What’s your emergency?: Meet the El Paso heroes behind the voices


EL PASO, Texas (KTSM) — They’re always on the line when you need them.

Local 911 dispatchers have been responding to emergency calls in the midst of the pandemic this last year and continue to do so. They put in extra work to ensure the community’s safety.

“There’s never been this type of thing. Where it comes to shutting the entire city and country down. I’ve never experienced that in the 25 years that I’ve been here,” said Melissa Gamez, a police department dispatcher at the El Paso County 911 District.

New and long-time local 911 dispatchers have adjusted to the job in the era of COVID-19.

“The traffic with the units has increased so much,” Gamez said. “You’ve got the COVID units that are calling out, they just keep adding more units out in the field. For one person to handle could be like 80, 90 units for one person to handle on one talker.”

The process of taking calls has required additional steps to ensure the safety of first responders and civilians.

“You’ve got to verify that they’re doing well, what is the COVID around their area, anything like that that’s going to help keep them safe and as well as our first responders such as police and firemen,” said Esther Lerma, a telecommunicator at the El Paso County 911 District.

Local dispatchers say they take all sorts of calls, especially during overnight hours. Whether they’re COVID-19 or other high-intensity calls, there’s been an increase due to the pandemic.

“We have a lot of domestic violence calls coming in and yet we have to send our officers to COVID calls to go close these businesses down. So it’s like kind of hard to level them out and send them to anything right away when they’re stuck on something over here and people are refusing to sign tickets. I get it, it just takes a toll on me,” said Abigail Mancilla, a police department dispatcher at the El Paso County 911 District.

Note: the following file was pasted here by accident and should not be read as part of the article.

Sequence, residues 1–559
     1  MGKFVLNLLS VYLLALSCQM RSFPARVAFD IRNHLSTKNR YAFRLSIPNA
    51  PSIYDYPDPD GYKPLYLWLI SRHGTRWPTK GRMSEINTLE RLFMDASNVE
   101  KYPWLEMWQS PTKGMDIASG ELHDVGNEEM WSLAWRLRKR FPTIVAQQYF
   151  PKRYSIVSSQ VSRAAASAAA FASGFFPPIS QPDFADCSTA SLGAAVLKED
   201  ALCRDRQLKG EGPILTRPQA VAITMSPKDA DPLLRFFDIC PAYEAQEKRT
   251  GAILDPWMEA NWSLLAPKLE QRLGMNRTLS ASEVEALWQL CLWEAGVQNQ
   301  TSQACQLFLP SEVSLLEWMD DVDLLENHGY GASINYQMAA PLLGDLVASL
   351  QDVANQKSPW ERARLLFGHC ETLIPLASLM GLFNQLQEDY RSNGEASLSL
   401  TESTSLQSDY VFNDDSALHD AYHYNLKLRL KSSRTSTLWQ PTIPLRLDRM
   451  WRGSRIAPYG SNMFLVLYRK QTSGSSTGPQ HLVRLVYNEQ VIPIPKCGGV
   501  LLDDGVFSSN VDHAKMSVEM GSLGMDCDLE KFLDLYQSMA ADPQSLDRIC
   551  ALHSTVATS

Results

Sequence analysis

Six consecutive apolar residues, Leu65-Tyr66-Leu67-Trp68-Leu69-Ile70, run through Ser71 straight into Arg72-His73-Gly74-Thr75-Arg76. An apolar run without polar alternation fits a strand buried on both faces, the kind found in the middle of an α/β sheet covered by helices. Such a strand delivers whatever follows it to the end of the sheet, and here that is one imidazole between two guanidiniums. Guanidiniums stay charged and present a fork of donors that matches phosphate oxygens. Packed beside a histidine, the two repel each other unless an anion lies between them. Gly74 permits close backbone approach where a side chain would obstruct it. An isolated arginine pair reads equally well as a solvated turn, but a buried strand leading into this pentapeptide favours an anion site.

Mancilla joined the El Paso County 911 District in December 2019. She said being short-staffed during these times causes more stress sometimes, but is thankful for her job.

“Normal work hours for two weeks is 80. I’m pushing over 20 to 30 hours of extra overtime for two weeks. So it’s just being a team player.”

Handling the emotional, as well as the mental, toll that comes with the job can be difficult for professionals who must keep their wits about them during chaotic times.

“It took a year for at least 10 calls to be on my mind every day. It never goes away, I’ll say that right now. It’s forever going to be embedded in my head, but I always think about how we tried everything we could,” Mancilla shared.

Despite the stress, Gamez added that she feels a deep responsibility to keep everyone involved in each call as safe as possible.

“It’s never the same. You can have emergency traffic, foot pursuit, a shooting, a stabbing — and you just have to sit there and go through it and handle it. In the end, I know what I’m doing, and at least those guys are going to go home safe,” Gamez said.

While adjusting to these changes due to the pandemic, El Paso dispatchers say making a difference for people in a time of need makes all the hard work worthwhile.

“I like knowing that I get to go to work, I get to be a dispatcher and I get to help somebody on their bad day. It just makes my day much better. I like knowing the guys and girls I serve are out there doing the same thing. It makes me feel very good. I enjoy coming to work every day,” Mancilla shared.

“Every time you hear something different and you made a difference, you helped that person and helped save a life. You got help out there to them at their most critical moment. It’s a rewarding job, it really is. You go home feeling good about yourself and you get to do it all over again tomorrow,” Lerma added.

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